Satisfaction Questionnaire

A total of 572 T1D or T2D patients were involved in the development of the ITSQ, recruited from three US medical centres.3 Of these, >80 % had T2D and 78 % were administering insulin with syringe and vial, 13.5 % by pen injection, 4.7 % by pump and 0.9 % by inhaler. The ITSQ was validated in these patients and confirmatory factor analysis produced a five-factor structure based on a total of 22 items asked: satisfaction with insulin delivery device, glycaemic control, hypoglycaemic control, convenience of regimen and lifestyle flexibility. The confirmatory psychometric validation in 402 patients showed that test–retest reliability over


approximately 2 weeks was very good for the 22 items in total (0.90) and confirmatory psychometric validation indicated that internal consistency reliability measured by Cronbach α coefficient was excellent (0.93). The patients studied confirmed the composition of the final ITSQ as 22 items in five content clusters. All subscales of the final ITSQ were transformed from their original scale (0 to 132) to a scale of 0 to 100, in which 100 indicates complete satisfaction to insulin treatment (i.e. the higher the score the better the treatment satisfaction).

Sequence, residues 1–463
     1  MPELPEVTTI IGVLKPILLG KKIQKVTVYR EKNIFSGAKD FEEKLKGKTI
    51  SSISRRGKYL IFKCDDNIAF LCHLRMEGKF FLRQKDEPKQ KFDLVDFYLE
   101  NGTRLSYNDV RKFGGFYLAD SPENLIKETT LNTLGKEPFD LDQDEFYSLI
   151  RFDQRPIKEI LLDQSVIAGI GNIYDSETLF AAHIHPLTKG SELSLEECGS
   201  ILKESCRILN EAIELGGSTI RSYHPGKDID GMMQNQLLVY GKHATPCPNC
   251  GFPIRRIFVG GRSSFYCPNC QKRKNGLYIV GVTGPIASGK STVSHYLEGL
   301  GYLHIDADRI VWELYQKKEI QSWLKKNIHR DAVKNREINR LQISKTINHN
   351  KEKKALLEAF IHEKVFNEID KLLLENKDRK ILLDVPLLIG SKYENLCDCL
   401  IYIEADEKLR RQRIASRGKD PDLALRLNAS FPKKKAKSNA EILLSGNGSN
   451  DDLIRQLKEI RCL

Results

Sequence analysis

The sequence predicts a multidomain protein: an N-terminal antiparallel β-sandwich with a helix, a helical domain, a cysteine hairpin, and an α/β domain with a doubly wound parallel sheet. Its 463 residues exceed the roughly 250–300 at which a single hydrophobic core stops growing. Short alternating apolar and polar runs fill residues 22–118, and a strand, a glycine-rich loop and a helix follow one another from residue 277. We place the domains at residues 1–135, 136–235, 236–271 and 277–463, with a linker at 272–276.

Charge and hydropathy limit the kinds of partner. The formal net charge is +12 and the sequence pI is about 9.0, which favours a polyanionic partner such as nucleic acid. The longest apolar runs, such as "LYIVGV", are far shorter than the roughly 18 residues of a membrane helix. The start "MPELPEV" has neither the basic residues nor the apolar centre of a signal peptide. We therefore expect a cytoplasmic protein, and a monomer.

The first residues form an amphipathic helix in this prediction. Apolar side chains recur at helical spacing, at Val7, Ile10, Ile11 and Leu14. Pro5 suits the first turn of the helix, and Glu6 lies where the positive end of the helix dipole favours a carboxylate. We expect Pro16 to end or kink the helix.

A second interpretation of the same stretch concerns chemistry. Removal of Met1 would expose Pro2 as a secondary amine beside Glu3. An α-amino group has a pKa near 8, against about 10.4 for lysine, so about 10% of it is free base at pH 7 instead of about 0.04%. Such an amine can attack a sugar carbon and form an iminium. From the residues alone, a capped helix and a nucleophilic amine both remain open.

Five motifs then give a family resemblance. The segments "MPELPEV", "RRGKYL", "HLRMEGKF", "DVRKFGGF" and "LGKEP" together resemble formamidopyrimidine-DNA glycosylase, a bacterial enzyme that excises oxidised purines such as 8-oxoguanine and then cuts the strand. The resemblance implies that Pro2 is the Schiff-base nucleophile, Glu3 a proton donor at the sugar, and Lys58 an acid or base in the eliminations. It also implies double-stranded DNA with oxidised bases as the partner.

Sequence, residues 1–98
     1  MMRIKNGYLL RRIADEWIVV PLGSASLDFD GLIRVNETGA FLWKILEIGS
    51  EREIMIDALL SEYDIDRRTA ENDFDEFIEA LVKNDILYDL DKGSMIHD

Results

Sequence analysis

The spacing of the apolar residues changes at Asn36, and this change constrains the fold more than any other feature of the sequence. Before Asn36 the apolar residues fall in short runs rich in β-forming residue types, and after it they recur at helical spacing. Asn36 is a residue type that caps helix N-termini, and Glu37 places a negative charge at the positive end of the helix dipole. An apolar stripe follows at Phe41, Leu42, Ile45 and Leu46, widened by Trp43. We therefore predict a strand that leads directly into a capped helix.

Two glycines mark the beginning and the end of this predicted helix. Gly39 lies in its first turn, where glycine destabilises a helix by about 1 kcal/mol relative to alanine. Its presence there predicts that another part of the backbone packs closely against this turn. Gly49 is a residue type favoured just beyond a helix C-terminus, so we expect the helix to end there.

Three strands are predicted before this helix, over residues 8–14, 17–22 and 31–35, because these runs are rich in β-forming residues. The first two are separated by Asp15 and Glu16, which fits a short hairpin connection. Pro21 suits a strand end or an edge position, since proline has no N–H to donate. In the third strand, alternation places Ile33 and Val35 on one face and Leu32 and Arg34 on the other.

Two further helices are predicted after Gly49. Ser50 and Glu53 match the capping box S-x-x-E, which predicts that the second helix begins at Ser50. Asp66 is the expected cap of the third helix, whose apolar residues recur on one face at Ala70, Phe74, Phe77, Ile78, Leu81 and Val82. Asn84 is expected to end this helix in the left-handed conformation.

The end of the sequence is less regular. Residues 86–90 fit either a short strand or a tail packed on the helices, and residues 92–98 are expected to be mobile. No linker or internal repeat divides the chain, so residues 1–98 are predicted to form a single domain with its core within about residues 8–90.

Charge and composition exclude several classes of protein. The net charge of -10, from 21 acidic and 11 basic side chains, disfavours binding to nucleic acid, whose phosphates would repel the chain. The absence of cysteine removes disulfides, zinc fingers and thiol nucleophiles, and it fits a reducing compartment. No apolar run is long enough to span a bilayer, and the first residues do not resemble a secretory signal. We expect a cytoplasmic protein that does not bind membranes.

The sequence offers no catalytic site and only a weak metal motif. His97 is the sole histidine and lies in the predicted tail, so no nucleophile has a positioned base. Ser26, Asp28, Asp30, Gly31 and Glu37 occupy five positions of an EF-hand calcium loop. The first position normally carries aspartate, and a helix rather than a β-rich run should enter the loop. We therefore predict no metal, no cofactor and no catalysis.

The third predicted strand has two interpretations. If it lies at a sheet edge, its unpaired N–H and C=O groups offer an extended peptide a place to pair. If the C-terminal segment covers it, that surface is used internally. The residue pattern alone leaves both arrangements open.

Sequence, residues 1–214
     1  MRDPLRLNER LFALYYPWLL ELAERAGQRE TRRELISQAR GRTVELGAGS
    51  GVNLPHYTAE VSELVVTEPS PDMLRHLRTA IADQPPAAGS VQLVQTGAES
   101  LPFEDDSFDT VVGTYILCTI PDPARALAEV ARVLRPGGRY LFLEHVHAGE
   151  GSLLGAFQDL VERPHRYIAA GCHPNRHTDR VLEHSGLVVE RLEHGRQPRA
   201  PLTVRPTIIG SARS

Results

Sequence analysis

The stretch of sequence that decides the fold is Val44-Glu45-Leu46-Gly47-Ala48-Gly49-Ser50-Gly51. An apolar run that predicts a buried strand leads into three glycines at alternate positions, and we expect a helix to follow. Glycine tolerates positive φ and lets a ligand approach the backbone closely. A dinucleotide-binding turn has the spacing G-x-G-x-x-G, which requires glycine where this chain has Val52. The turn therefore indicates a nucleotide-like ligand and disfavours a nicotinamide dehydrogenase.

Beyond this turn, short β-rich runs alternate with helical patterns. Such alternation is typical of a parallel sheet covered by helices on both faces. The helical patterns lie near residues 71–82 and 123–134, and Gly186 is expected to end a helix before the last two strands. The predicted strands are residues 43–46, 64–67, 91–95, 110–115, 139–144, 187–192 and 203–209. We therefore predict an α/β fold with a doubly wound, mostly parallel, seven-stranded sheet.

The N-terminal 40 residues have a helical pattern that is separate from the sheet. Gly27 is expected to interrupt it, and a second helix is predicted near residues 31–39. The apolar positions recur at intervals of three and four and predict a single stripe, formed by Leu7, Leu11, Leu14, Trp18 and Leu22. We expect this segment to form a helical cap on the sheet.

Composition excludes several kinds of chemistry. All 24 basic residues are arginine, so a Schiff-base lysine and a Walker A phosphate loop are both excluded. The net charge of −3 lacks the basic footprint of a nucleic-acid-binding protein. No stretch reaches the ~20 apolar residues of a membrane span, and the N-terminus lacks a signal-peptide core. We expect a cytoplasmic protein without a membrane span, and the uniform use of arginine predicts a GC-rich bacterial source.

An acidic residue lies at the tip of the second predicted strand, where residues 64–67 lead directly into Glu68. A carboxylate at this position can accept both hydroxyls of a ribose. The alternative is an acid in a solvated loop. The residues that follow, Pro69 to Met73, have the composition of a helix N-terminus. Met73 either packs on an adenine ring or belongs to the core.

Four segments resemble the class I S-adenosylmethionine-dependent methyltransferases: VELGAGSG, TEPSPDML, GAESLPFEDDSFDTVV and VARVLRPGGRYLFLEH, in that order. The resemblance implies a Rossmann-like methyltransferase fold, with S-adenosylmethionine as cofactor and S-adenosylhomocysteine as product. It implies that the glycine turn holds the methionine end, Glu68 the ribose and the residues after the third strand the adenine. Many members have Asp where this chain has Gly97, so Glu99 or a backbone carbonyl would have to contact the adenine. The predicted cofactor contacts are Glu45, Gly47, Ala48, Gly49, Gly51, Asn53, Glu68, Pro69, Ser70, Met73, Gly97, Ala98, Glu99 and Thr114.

Interestingly, patients with higher compliance (no missed insulin doses during the last 4 weeks) had lower glycated haemoglobin (HbA1c) values, fewer symptoms and higher ITSQ satisfaction scores compared with those with partial compliance, who missed some doses (p=0.05; p=0.001; and p=0.003, respectively). ITSQ proved to be a well-accepted instrument since there were less than 5 % missing values in the samples and clinically meaningful as it could discriminate between various factors such as method of insulin administration and patient adherence. Furthermore <5 % missing values were seen, indicating the ITSQ is highly practical measure.